Every day that passes increases the urgency of a fightback against job cuts and privatisation in the Post Office.
Last week 15,000 job losses were announced. This week the Post Office confirmed there would be many more, pushing towards the bosses' target of 40,000. Post Office chairman Allan Leighton is determined to make workers pay the price of making the business profitable again.
Yet the CWU postal workers' union leaders seem paralysed by the scale of the attacks. At the start of this week, seven days after tens of thousands of job losses were reported, activists were still waiting for a detailed briefing from union headquarters in response.
All there has been is a plea from union leaders to raise stamp prices and a hope that job losses will be voluntary. Jane Loftus, a CWU member on Merseyside, says, 'It is not good enough to let jobs go through 'voluntary' means. There are Parcelforce depot closures and mail depot closures which should be fought. Everyone is asking how it is possible to run the service with 40,000 fewer workers. It can't be done unless they expect loads of work to go through privatisation and the workers who remain are pushed even harder than they are now.'
The union has called a lobby of parliament in London later this month. Every activist must build that as big as possible. But it should be a national strike day. Managers still fear action. The Sunday Business newspaper reported last weekend, 'Central to Allan Leighton's thinking is the need to avoid industrial action by postal workers. The Post Office chairman is acutely aware of how damaging a summer postal strike would be to his plans to turn the company around.'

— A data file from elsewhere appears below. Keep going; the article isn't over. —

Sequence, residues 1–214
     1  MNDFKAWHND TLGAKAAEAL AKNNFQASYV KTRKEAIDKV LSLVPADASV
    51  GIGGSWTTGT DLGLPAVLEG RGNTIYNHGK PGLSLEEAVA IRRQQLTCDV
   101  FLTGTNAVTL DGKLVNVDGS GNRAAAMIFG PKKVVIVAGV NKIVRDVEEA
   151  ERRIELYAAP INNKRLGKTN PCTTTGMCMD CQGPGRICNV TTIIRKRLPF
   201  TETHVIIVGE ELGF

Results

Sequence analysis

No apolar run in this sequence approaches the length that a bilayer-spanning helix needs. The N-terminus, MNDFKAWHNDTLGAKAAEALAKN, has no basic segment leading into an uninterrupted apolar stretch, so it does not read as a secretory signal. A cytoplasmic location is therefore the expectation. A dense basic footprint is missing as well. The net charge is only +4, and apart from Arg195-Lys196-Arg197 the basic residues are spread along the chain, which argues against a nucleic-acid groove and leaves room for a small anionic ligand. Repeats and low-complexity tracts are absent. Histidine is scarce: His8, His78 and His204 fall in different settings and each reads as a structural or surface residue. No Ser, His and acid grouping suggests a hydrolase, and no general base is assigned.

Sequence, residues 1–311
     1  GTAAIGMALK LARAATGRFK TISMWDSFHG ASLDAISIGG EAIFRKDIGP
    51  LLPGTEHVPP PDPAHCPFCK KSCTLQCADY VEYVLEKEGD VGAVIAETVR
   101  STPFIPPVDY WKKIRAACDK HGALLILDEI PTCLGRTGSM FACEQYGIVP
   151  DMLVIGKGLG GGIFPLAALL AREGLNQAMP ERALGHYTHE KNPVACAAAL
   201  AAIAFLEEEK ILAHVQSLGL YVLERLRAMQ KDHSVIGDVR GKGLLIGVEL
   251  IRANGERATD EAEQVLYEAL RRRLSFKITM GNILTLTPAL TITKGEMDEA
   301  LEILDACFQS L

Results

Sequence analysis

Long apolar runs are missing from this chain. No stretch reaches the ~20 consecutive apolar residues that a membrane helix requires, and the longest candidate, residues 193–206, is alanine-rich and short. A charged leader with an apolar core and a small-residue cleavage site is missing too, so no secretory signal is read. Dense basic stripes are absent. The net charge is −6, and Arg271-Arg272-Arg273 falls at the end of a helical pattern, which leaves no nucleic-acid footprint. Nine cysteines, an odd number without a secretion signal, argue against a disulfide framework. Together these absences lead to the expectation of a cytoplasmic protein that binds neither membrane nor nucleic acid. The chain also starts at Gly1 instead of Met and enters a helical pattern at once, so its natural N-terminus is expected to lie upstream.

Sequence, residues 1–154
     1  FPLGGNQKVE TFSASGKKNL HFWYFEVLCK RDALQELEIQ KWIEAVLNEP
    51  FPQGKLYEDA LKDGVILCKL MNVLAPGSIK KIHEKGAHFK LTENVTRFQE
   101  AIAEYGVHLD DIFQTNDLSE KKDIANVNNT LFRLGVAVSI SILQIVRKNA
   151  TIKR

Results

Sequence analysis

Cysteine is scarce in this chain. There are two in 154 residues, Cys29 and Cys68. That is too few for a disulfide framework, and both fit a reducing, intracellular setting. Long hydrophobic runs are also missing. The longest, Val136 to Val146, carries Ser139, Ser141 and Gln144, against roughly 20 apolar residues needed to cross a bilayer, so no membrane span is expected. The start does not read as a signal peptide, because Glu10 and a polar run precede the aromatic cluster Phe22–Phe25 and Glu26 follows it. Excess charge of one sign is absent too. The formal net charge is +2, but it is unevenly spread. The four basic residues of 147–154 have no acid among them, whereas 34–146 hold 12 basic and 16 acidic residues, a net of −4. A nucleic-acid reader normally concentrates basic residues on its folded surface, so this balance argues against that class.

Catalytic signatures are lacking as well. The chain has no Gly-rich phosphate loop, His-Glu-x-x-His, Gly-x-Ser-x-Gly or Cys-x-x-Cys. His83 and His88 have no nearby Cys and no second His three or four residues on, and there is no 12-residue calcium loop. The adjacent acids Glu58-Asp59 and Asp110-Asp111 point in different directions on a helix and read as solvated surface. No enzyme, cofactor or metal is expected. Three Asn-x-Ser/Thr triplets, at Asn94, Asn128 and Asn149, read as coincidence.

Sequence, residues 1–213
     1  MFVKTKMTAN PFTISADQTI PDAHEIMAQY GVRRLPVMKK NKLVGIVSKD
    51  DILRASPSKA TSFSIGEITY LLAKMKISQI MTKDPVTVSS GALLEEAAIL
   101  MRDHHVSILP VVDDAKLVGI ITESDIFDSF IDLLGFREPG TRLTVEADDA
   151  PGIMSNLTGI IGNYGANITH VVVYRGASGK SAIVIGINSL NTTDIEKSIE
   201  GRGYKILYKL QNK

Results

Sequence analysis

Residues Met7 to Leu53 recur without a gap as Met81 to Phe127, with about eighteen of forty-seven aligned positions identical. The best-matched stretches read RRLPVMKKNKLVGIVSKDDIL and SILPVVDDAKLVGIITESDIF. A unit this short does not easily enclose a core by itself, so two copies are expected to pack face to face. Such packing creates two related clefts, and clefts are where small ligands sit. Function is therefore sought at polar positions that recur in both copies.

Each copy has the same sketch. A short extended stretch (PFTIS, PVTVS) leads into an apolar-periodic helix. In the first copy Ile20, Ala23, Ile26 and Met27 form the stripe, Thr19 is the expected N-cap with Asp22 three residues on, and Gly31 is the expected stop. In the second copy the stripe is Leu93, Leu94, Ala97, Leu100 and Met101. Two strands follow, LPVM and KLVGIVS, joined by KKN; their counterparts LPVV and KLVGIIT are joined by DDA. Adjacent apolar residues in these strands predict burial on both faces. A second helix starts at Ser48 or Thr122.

The CWU national executive voted last week to cut the money it gives to the Labour Party by £500,000 over the next three years. The move is a reflection of the anger from below against the union funding the party which then sacks and attacks CWU members.
But just cutting the cash is a diversion from the real issue. It is a substitute for action, camouflage for the leadership's floundering refusal to do more than mouth off.
Instead of just cutting money to Labour, the CWU should be opening up the political fund so members can decide to give some of the money to socialist organisations that reflect the union's policies. One good sign in the last week has been some union branches beginning to gear up for campaigns to stop depot closures in their local area. In the absence of a national, official lead areas will have to push for action locally. They should prepare to fight unofficially and to pull other areas out themselves.
And the left in the CWU has to begin pressing hard for an alternative strategy for the union. The basic demands should be:
- Cut hours, not jobs. Implement CWU conference policy of fighting for a 35-hour week.
- Stop all privatisation - no to job losses or closures.
- Strike for a decent pay rise, and against job losses and privatisation.
- Call a national demonstration alongside other public sector unions.
- Democratise the union's political fund.